So how will the future play out? We don’t know exactly since the future is unpredictable. We do know that the digital economy will drive innovation – unexpected and expected – and that some will think it’s fantastic and others will still have a tin of money hidden under the bed, we’re all different! Innovation in payments will reflect that.
Identity, authentication, and security in a digital world: digital identity is a cornerstone of enabling the increasingly digital future. What insights can you offer on the drivers and future of digital identity?
Everyone has a different definition of digital identity – it means something different to a bank than it does to a government or to a consumer. At its core it’s about proving that you are who you say you are online, but there are nuances depending on the user need.
For example, the UK Government sees a need for users to not navigate multiple portals when accessing government services online. It’s helpful to citizens to only have one log in when they’re interacting with the Government, removing this duplication of identities.
But that raises questions – should we have individual identities for each sector we interact with – one identity for the government, one for banks, one for companies, one for health services? Or do users want these to be shared?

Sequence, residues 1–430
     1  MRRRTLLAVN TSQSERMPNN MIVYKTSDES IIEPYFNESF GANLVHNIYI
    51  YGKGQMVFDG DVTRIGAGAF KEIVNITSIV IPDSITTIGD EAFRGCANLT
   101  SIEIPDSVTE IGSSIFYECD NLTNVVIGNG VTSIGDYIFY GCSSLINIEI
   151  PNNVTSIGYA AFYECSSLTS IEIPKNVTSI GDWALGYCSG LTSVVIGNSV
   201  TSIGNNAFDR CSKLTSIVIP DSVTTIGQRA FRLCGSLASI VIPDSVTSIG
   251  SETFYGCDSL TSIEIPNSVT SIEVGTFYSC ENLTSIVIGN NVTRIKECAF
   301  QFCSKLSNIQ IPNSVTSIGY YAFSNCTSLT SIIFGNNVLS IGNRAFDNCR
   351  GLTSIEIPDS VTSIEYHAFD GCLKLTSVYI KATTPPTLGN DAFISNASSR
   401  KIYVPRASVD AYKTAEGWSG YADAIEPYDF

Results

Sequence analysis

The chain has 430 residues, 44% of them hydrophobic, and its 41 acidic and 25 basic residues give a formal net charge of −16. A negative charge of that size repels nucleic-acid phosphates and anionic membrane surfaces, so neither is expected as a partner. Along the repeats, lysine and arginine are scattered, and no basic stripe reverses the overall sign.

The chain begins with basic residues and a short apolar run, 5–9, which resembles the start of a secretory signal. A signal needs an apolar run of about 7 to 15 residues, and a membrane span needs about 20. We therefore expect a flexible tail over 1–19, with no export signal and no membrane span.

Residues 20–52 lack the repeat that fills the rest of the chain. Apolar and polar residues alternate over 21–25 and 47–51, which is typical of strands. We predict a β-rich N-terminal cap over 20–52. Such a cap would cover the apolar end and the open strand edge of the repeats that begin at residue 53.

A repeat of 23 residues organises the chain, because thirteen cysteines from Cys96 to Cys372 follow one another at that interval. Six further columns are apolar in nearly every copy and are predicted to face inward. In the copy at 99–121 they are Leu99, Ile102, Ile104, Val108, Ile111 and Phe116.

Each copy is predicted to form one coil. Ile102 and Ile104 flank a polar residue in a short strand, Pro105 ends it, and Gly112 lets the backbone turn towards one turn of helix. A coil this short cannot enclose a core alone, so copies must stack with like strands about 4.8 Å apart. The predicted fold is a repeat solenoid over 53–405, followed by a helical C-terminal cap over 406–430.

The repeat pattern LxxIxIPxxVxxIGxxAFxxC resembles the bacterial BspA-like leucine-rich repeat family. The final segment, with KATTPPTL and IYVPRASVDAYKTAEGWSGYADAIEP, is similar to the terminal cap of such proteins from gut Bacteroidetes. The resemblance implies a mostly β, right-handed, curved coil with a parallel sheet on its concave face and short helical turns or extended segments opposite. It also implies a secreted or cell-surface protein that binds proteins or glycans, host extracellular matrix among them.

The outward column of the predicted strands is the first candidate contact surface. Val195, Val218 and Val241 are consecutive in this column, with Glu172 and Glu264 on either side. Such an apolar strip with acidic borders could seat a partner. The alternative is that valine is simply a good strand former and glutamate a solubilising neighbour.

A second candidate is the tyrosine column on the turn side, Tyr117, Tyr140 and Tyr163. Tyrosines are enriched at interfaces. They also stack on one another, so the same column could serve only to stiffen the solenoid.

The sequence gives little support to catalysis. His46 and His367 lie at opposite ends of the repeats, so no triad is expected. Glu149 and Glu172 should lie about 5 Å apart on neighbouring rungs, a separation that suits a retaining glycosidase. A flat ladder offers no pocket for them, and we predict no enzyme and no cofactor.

These questions aren’t answered yet but what we do know is that there are two drivers to what will shape digital identity:
- User acceptance: ultimately, users will decide how many identities they want, and where they want these identities to be visible.
- Control: users need to control how their identity is used and who has access to it.
Strong digital identity can help reduce financial crime. Digital identity also makes it easier to provide users with Access (securely) and Speed (with certainty) when making payments. But there are wider questions around digital identity than just how it impacts payments. Payments UK has been working with government on a collaborative approach to digital identity. Work is still ongoing in this area. The key will be to find a way that works for all parties and most critical of all, an approach that is trusted!